As the dominant feature in the city of Belos, the Grand Basilica rises majestically above all other construction. Only two of the castle’s highest towers reaches the 150 foot height of the Basilica’s golden dome. From dawn to dusk, the dome catches the rays of the sun, lighting a beacon for the Church faithful.
The dome itself serves as the main hall of the Basilica, hosting as many as 10,000 of the Mother’s flock beneath its roof. Surrounding the dome at the four corners of the supporting structure are four massive towers also topping out at 150 feet. The towers are home to many of the different priestly orders.
Located beneath the Basilica, the underchapel is rumored to be nearly as expansive as the above-ground portions of the Basilica, but is only for the use of certain key personnel. In recent years the militant Order of St. Greggor has been seen entering and leaving the underchapel regularly, but they are far from the only secretive order of the church.
Ringing the exterior of the Basilica is a series of statues of those known of what is the Second Tier of the Mother’s initial disciples. Each statue personifies one quality that the Mother embodied – such as compassion, kindness, and dedication. Each statue faces the center of the dome.
As you approach the huge double doors to the Basilica you quickly realize that it must take several priests a great deal of effort to move them. In the last 15 years they have never been closed and there are always priests on hand to help any who would choose to enter. Upon the doors themselves there are two gigantic loops that, when the doors are closed, form the infinity symbol (a figure eight laid on its side) which is part of the Church’s symbology.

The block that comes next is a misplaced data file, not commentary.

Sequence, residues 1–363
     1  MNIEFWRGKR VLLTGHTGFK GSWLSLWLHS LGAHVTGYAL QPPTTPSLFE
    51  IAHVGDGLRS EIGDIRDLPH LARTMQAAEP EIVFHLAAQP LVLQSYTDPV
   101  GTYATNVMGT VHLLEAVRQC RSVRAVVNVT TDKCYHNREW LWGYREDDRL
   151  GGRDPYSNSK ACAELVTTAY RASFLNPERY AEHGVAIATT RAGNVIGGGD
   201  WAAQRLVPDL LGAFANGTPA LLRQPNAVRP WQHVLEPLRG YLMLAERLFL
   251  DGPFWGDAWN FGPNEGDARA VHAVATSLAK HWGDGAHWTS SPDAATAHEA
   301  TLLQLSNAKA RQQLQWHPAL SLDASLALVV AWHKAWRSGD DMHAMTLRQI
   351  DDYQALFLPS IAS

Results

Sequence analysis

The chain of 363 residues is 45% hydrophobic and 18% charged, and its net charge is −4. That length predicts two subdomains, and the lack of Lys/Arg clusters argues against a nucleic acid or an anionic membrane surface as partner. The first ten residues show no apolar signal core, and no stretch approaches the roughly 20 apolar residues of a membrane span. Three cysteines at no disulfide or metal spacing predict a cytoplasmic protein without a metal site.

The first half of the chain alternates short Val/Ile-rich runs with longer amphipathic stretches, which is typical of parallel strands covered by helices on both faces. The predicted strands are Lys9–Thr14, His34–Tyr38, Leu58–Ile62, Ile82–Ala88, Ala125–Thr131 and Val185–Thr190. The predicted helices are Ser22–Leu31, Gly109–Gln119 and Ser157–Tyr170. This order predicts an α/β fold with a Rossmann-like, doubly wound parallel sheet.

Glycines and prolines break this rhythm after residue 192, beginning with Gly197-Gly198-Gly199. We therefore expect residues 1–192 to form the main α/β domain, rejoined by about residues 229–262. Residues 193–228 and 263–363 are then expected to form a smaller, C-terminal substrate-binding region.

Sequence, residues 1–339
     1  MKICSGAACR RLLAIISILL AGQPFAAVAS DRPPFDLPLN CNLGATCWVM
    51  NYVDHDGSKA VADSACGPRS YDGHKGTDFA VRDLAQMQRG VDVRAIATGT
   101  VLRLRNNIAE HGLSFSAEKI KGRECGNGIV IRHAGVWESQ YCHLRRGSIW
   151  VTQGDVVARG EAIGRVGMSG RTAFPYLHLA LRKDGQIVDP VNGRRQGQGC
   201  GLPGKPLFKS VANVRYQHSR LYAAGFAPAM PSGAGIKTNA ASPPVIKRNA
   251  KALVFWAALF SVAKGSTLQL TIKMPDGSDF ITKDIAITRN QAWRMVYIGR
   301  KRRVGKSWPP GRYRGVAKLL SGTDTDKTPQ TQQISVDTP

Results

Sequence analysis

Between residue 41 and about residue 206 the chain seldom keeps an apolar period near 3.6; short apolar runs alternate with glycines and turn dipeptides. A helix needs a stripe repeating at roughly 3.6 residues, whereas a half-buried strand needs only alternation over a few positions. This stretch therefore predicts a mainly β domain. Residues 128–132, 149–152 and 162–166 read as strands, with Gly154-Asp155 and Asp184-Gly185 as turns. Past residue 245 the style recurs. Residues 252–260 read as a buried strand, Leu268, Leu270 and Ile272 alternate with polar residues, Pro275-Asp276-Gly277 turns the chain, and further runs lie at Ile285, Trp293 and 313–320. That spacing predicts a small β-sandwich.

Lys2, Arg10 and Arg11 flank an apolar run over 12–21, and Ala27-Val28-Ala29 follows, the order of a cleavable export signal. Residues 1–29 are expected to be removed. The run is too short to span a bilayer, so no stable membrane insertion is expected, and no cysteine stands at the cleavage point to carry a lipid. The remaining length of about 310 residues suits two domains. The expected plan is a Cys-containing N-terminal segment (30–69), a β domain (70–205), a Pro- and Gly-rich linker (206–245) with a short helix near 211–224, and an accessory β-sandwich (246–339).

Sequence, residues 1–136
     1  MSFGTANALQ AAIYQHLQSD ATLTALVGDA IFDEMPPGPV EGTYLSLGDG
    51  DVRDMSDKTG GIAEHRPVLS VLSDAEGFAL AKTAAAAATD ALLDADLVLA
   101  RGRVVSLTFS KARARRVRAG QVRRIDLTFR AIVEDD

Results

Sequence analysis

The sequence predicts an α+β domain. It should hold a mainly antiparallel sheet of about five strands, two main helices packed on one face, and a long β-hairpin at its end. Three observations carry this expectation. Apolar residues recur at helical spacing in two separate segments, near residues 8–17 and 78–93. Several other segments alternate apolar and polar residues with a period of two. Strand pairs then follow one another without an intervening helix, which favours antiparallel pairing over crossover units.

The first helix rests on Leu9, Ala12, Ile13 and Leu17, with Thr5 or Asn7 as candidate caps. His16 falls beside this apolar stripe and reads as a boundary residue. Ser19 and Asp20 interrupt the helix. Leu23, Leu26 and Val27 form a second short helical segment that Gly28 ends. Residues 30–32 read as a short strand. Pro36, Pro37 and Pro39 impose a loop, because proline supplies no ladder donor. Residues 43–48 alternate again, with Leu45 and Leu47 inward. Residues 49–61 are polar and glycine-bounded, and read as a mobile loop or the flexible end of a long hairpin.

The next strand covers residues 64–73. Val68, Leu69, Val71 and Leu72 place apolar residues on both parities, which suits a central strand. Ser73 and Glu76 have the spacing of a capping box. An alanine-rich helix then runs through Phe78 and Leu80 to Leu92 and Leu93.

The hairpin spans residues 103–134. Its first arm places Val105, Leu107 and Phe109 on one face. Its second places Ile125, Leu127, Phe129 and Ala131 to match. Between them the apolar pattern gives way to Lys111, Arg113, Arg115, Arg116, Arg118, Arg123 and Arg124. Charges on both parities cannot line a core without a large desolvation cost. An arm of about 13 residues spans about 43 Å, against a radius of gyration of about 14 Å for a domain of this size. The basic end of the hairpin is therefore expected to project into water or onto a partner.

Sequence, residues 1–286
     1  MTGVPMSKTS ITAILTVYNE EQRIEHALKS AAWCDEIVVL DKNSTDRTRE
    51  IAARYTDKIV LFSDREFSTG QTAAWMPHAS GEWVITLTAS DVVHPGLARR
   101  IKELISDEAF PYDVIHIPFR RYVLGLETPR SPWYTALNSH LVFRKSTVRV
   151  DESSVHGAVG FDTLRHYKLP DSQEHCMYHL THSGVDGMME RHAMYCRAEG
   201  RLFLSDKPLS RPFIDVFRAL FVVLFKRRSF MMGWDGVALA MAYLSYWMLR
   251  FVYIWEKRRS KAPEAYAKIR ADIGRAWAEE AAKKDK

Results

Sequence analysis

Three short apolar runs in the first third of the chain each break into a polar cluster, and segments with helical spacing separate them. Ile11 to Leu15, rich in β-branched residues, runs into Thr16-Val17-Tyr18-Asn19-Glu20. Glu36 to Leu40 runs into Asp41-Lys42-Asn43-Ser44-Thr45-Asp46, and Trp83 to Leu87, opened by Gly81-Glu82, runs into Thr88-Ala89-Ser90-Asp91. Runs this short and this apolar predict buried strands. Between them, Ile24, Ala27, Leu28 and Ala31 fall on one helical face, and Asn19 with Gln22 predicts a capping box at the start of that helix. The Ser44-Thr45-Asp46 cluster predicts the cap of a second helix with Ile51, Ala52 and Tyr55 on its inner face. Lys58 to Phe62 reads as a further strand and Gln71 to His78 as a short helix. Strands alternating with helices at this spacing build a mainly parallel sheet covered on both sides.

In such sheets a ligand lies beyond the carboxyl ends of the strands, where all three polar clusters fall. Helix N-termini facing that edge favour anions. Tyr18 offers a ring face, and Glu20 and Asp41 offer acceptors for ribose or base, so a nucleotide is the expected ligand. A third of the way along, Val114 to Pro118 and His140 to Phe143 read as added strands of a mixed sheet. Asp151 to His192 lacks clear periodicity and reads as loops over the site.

Once inside the church, directly below the center of the dome, is what looks like an ornately carved birdbath. This is a collecting plate for the Mother’s Tears. Any who may enter is encouraged to use this water as they would wish. Since the building of the Basilica more than 1000 years ago, the bath has never been empty. It is believed that once the Mother’s portrait was painted ascending to take her place next to the Maker that actual tears formed and dripped soundlessly into the pool. Even in times of drought, the pool has never gone dry.
To the left and right of the main causeway to the altar lie one hundred rows of pews broken into sections that form a gentle curve to follow the outline of the dome. During the High Masses held once a month in the Basilica, the flock fills the pews and there is little room for those standing on the edges.
The altar itself is broken into three areas. On the left- and right-most sides facing the congregation is a lectern. In the center is a broad marble table of the same composition as the Mother’s Fold bridge just down the road from the Basilica across the river. Many of the faithful come to simply stare and meditate on the slowly changing and calming pattern within the stone. Here is where the Deacons and priests give the masses to the flock each sunrise and sunset.
In the four corners of the building supporting the dome are doors leading to the towers. Directly behind the altar, hidden behind a tapestry on the wall, is a door to the underchapel. In the last ten years, a guard from the Order of St. Greggor in full armor has stood watch at the door letting few beyond.